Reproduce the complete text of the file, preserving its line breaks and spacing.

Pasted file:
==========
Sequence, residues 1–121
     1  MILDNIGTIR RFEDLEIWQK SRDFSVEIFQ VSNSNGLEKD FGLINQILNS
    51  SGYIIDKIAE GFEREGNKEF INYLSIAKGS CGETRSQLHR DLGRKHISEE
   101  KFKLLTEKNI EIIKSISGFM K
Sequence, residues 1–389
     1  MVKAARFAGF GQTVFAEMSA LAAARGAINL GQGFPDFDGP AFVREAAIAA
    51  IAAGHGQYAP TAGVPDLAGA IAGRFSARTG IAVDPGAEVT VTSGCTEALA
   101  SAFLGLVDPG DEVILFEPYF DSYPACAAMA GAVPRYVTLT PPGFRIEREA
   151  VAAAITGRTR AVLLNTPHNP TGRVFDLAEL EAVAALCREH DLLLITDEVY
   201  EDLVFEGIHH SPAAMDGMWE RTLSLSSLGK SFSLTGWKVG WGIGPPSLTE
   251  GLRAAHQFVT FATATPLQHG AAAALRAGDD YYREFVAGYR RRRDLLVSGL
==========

Sequence, residues 1–121
     1  MILDNIGTIR RFEDLEIWQK SRDFSVEIFQ VSNSNGLEKD FGLINQILNS
    51  SGYIIDKIAE GFEREGNKEF INYLSIAKGS CGETRSQLHR DLGRKHISEE
   101  KFKLLTEKNI EIIKSISGFM K
Sequence, residues 1–389
     1  MVKAARFAGF GQTVFAEMSA LAAARGAINL GQGFPDFDGP AFVREAAIAA
    51  IAAGHGQYAP TAGVPDLAGA IAGRFSARTG IAVDPGAEVT VTSGCTEALA
   101  SAFLGLVDPG DEVILFEPYF DSYPACAAMA GAVPRYVTLT PPGFRIEREA
   151  VAAAITGRTR AVLLNTPHNP TGRVFDLAEL EAVAALCREH DLLLITDEVY
   201  EDLVFEGIHH SPAAMDGMWE RTLSLSSLGK SFSLTGWKVG WGIGPPSLTE
   251  GLRAAHQFVT FATATPLQHG AAAALRAGDD YYREFVAGYR RRRDLLVSGL